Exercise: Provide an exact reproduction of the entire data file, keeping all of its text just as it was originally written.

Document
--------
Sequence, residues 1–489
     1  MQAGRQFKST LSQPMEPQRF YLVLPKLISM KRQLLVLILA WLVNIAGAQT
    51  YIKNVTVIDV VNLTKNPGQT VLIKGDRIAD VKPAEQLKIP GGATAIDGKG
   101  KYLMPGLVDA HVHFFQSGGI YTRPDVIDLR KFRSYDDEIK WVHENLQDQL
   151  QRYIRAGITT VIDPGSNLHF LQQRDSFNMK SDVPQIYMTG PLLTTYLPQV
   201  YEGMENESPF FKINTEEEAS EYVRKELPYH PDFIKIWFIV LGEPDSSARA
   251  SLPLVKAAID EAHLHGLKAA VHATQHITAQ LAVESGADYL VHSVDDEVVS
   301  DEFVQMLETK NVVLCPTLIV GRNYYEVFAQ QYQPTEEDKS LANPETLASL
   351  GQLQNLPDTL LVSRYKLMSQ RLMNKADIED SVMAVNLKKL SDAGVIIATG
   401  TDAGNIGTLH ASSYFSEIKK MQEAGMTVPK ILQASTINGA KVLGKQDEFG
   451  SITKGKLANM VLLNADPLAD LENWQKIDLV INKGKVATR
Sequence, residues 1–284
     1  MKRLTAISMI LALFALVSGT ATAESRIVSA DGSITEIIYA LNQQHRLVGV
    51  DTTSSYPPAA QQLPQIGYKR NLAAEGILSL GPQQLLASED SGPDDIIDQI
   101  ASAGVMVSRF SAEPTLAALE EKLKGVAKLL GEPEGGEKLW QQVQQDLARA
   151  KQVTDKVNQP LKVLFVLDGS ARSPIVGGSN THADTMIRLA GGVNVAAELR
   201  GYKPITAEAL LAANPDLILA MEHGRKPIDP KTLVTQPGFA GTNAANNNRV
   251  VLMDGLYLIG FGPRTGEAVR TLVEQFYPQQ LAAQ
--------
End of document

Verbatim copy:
Sequence, residues 1–489
     1  MQAGRQFKST LSQPMEPQRF YLVLPKLISM KRQLLVLILA WLVNIAGAQT
    51  YIKNVTVIDV VNLTKNPGQT VLIKGDRIAD VKPAEQLKIP GGATAIDGKG
   101  KYLMPGLVDA HVHFFQSGGI YTRPDVIDLR KFRSYDDEIK WVHENLQDQL
   151  QRYIRAGITT VIDPGSNLHF LQQRDSFNMK SDVPQIYMTG PLLTTYLPQV
   201  YEGMENESPF FKINTEEEAS EYVRKELPYH PDFIKIWFIV LGEPDSSARA
   251  SLPLVKAAID EAHLHGLKAA VHATQHITAQ LAVESGADYL VHSVDDEVVS
   301  DEFVQMLETK NVVLCPTLIV GRNYYEVFAQ QYQPTEEDKS LANPETLASL
   351  GQLQNLPDTL LVSRYKLMSQ RLMNKADIED SVMAVNLKKL SDAGVIIATG
   401  TDAGNIGTLH ASSYFSEIKK MQEAGMTVPK ILQASTINGA KVLGKQDEFG
   451  SITKGKLANM VLLNADPLAD LENWQKIDLV INKGKVATR
Sequence, residues 1–284
     1  MKRLTAISMI LALFALVSGT ATAESRIVSA DGSITEIIYA LNQQHRLVGV
    51  DTTSSYPPAA QQLPQIGYKR NLAAEGILSL GPQQLLASED SGPDDIIDQI
   101  ASAGVMVSRF SAEPTLAALE EKLKGVAKLL GEPEGGEKLW QQVQQDLARA
   151  KQVTDKVNQP LKVLFVLDGS ARSPIVGGSN THADTMIRLA GGVNVAAELR
   201  GYKPITAEAL LAANPDLILA MEHGRKPIDP KTLVTQPGFA GTNAANNNRV
   251  VLMDGLYLIG FGPRTGEAVR TLVEQFYPQQ LAAQ